Nov 20

Day 7- March 23- Guam

Tuesday, November 20, 2018 12:01 AM

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(Courtesy of the Author)

Lieutenant Leroy Fadem recently revisited sites in the Pacific where he saw action in the Navy during the tumultuous years of the War in the Pacific over 70 years ago. This is a journal of that recent trip as kept by his son, Steven Fadem, who accompanied Lt. Fadem on that journey of rediscovery. The day started with a brilliant rainbow. It also started out with a potentially amazing discovery. I previously noted in our program that one of the WWII vets, Marine Frank Campisano, served in Nagasaki. I located him in the lobby this morning and was inquiring as… Read the rest of this entry »

 
Nov 13

USS Lakatoi – A Short, but Heroic Life

Tuesday, November 13, 2018 12:01 AM

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USS Lakatoi (Australian War Museum)

If there were a contest to find the U.S. Navy ship with the shortest career from commissioning to sinking, USS Lakatoi, with just six days, would certainly be a serious competitor. Its career was so short the ship never received a hull number. I would never have heard about the ship if not asked to find out the truth behind a “sea story.” The sea story began with an improbable premise – a U.S. Navy midshipman assigned to duty at Guadalcanal during the desperate days of 1942. After extensive research, I found two of the four officers of USS Lakatoi,… Read the rest of this entry »

 
Nov 6

Damage Control on the USS Houston (CL-81)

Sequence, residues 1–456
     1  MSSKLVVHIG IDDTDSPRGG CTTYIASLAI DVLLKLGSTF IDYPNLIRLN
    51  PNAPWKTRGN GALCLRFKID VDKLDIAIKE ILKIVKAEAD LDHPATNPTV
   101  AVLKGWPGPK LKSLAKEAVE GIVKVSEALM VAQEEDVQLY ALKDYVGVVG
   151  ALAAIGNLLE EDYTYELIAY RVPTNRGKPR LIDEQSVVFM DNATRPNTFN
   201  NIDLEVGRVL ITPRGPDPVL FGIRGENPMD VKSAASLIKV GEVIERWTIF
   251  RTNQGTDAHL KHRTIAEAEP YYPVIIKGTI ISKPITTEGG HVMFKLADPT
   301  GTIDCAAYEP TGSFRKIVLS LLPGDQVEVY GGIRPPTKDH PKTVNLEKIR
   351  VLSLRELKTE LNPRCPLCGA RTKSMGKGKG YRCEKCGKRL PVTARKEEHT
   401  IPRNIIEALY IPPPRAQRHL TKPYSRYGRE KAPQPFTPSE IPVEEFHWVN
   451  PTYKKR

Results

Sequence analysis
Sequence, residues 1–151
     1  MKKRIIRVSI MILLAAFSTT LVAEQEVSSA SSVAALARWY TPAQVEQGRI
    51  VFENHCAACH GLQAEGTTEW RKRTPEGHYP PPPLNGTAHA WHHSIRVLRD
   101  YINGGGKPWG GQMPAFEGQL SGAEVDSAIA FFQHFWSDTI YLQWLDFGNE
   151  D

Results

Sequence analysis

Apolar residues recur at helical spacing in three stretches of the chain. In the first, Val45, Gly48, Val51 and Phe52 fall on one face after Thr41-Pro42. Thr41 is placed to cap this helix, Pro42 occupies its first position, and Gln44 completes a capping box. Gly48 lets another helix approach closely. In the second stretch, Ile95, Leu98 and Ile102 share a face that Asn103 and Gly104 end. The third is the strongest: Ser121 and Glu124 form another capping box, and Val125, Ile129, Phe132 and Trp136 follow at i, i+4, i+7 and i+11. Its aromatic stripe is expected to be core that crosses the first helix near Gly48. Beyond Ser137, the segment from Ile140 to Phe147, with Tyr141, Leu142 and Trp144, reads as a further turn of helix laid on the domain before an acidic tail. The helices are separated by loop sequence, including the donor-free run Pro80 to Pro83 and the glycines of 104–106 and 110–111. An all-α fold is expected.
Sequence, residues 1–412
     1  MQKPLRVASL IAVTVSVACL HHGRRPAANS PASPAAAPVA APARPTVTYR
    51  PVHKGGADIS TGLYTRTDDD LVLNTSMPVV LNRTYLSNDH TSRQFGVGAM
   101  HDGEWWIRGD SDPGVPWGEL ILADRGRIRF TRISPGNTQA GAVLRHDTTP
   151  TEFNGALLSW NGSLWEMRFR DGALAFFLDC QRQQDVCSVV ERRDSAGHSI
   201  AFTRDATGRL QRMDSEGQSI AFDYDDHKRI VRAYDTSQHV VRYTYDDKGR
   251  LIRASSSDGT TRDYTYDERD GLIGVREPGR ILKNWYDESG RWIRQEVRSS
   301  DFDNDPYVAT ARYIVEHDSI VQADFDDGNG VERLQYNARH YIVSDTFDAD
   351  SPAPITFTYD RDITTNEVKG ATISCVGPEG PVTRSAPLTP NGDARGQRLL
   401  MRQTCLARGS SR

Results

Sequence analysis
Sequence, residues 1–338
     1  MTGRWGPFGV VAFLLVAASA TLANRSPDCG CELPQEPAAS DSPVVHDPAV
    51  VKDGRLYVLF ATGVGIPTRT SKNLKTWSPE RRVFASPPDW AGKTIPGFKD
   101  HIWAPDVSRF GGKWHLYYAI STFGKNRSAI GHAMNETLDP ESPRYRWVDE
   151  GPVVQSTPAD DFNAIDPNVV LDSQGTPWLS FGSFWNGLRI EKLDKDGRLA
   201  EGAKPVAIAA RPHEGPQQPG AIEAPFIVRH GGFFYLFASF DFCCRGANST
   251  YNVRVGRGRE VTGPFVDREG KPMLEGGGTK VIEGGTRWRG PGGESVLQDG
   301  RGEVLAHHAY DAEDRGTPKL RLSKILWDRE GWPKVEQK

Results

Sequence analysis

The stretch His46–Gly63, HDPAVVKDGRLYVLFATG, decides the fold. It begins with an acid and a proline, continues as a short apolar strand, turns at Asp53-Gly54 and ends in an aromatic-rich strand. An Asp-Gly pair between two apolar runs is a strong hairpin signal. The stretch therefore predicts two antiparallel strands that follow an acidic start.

Tuesday, November 6, 2018 8:24 AM

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RADM George H. Miller

In this selection, future RADM George H. Miller recounts the torpedoing of the USS Houston (CL-81) in October of 1944, off the coast of Formosa, Japan. Miller, then a damage control officer, describes a harrowing attack, leaving the ship severely damaged and flooding rapidly. While assessing the damage, Miller determined the ship had “more water on board in comparison with our displacement than any other ship that survived in World War II.” Miller’s early years in the Navy included service in the USS California (BB-44), Tuscaloosa (CA-37), Zane (DD-337), Goff (DD-247), Gilmer (DD-233), St. Louis (DD-233), and Houston (CL-81). Miller was XO of the Houston the latter period of the war. Later tours were:… Read the rest of this entry »

 
Nov 1

100 Years Ago In USN LTA

Thursday, November 1, 2018 12:01 AM

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North Sea LTA (U.S. Naval Institute Archive)

The following is reprinted with permissions from The Noon Balloon. The late LTAS guru Dr. Dale Topping lamented that in any given book or publication about LTA, at least one photo will always be mis-identified. We often offer gently worded guidance to well meaning LTA-inclusive media to help over previous hiccups, but we are respectful, since we too have to recruit from the human race, and allow too many typos to count. While we LTA nuts realize the photo contains neither a seat nor a depth charge, we held off telling the U.S. Naval Institute it is a North Sea,… Read the rest of this entry »